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Introducing… Jessica Raine

First Published 14 September 2009, Last Updated 20 August 2013

Jessica Raine tells Caroline Bishop about getting the giggles, forgetting her lines and being graded by Marianne Elliott… 

CV in brief:



•    Graduated from RADA
•    Sarah in Simon Stephens’s Harper Regan at the National Theatre
•    Suzette in David Hare’s Gethsemane at the National Theatre
•    Isabel of Gloucester in Ridley Scott’s Robin Hood (released 2010)
•    UK tour of Gethsemane
•    Lilly in Simon Stephens’s Punk Rock at the Lyric Hammersmith

Where did you grow up?
I grew up just outside Hay-on-Wye, on the borders of Wales, on a farm. It was an amazing childhood but I got a bit stir crazy when I hit my teens. There was the feeling of having to get out, you know, but it was definitely idyllic.

What got you interested in acting?

It probably hit me when I was about 16 or 17. I did an A Level in Theatre Studies and had a really inspirational teacher, and then I just went on to university. It was a Drama degree [at UWE in Bristol] but it was all very theoretical and I just sort of realised I wanted to do it much more practically; it sort of grew and grew as time went on and I had to go and do it.

So you went to RADA…
I didn’t get into the first year, didn’t get in anywhere, and I went off travelling for a little while to think what I was doing wrong. And I came back and did it again and got rejected everywhere and then the last one was RADA and I had to do like four recalls or something ridiculous over a period of months and then got in, and that was probably one of the best moments in my life! It happened on the day of my sister’s birthday so I couldn’t really steal her thunder too much. So we went out to the pub and got suitably drunk.

Did you ever think of giving up?

I don’t know what I’d be doing now if I [had], but I just thought I’d keep trying. I thought if I didn’t get in the second year I’d give it one more go. But something happened at RADA where I just felt completely comfortable. I was so relaxed because I just thought it’s RADA and I’m not going to get in, so I was just really chilled out!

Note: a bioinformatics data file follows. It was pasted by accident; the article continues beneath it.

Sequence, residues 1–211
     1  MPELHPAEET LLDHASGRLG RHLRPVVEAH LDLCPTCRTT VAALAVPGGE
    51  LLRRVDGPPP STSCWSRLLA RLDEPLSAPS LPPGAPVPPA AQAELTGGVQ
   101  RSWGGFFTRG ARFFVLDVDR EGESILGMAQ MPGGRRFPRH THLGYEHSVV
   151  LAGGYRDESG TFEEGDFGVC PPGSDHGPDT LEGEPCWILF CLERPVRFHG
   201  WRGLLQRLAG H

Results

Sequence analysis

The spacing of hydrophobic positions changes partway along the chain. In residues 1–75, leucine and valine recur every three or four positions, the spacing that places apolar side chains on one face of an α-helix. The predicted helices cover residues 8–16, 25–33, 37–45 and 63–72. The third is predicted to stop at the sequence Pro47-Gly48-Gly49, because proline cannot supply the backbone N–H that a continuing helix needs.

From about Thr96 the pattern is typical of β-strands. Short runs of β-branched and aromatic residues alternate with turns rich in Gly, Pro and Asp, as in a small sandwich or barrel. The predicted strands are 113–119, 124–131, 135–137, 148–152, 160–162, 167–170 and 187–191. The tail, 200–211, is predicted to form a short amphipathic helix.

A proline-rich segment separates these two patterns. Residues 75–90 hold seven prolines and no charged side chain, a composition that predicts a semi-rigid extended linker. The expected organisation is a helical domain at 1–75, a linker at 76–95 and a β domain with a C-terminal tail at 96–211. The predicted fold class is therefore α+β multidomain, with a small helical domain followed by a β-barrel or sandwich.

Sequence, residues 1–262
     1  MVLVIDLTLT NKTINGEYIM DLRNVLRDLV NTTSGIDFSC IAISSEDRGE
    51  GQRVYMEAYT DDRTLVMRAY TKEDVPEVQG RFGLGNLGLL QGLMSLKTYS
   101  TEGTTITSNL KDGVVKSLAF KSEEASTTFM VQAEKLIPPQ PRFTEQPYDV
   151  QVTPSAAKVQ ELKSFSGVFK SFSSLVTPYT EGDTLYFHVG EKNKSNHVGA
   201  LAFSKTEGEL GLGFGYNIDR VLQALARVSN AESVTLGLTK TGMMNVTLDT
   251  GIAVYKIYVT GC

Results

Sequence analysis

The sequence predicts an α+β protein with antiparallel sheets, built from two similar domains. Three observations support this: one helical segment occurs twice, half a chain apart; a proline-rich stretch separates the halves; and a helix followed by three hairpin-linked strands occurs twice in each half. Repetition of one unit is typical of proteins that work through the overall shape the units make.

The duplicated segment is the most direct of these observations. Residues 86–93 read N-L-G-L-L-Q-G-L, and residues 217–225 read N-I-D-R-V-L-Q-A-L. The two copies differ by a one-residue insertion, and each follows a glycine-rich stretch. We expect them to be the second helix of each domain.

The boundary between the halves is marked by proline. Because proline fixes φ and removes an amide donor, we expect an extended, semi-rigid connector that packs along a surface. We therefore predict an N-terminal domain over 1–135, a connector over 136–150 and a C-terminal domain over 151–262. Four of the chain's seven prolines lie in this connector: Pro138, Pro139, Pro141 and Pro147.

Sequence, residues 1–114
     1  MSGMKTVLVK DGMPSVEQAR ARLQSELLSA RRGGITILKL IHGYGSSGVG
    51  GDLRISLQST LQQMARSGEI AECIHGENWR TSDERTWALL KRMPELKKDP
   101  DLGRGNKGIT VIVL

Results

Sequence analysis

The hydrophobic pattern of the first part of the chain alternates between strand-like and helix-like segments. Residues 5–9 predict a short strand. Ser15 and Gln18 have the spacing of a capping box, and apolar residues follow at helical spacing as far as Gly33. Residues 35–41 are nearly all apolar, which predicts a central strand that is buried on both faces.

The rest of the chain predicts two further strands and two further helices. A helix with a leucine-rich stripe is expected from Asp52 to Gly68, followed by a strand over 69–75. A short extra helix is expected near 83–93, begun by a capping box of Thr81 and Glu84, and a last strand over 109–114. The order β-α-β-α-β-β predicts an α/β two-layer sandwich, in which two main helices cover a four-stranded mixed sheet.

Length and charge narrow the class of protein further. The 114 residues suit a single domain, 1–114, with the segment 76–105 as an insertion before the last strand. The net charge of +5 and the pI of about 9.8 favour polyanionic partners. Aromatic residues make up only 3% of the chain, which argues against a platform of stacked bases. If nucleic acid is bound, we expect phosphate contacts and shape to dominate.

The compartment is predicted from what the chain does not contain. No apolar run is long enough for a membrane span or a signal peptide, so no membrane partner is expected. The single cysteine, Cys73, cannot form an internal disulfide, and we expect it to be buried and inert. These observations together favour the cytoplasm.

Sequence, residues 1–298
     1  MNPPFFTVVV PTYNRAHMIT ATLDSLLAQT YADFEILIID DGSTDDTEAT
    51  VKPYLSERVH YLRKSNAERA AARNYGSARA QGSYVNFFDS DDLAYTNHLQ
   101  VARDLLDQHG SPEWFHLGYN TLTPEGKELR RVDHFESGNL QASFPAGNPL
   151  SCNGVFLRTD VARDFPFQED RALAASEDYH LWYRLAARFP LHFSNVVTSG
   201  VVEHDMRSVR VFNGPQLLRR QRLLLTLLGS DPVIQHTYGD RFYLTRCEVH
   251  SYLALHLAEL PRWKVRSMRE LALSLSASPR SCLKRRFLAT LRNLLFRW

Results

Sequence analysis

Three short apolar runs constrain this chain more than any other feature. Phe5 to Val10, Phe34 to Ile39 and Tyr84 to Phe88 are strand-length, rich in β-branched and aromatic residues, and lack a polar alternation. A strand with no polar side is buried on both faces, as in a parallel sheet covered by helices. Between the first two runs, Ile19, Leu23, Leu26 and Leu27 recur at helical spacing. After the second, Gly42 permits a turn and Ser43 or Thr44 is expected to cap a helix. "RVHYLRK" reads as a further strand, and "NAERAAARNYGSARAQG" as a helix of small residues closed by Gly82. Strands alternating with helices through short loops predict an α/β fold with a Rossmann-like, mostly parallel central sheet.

First acting role?
It was Harper Regan, which was Simon Stephens. I left a bit early to do that. I felt like I had my third year at the National because I sort of missed most of it. Working with Lesley Sharp was like another training altogether, just watching how she worked was incredible. That show went towards my degree at RADA so I got marked, by [director] Marianne Elliott and the voice department at the National! It was quite weird! What did I get? I don’t know if I got graded – I’d like to say an A! No, I’ve got no idea.

Most obscure job?
I’ve done every rubbish job going. I’ve done a lot of waitressing. I came to London before I got into drama school, I just moved here. I got this random job at BT and I was on the phone lines and there was no training or anything and I just found myself in the middle of these global conference calls, trying to find out why something goes wrong. It was just horrendous. I was awful. You would not have wanted to get through to me because I did not know what I was doing.

Most memorable experience?
I suppose the moment when you get your job. I really remember getting Harper Regan and going bright red and screaming a lot and that was a really incredible moment, and getting into RADA was the best.

Which actor do you most admire?

Lesley [Sharp] was just incredible to work with and to watch. I love Samantha Morton, I think she’s brilliant. I like Anne Marie Duff as well. I like people who completely disappear into their roles and are not vain at all.

Essential dressing room item?

A lot of make up! I like to have lots of cards up and my bits of jewellery. Actually I am wearing a bit of my jewellery on stage which I’m really pleased about because I sort of fiddle with it quite a lot anyway, so we’ve incorporated it into the character. 

Best thing about being on stage?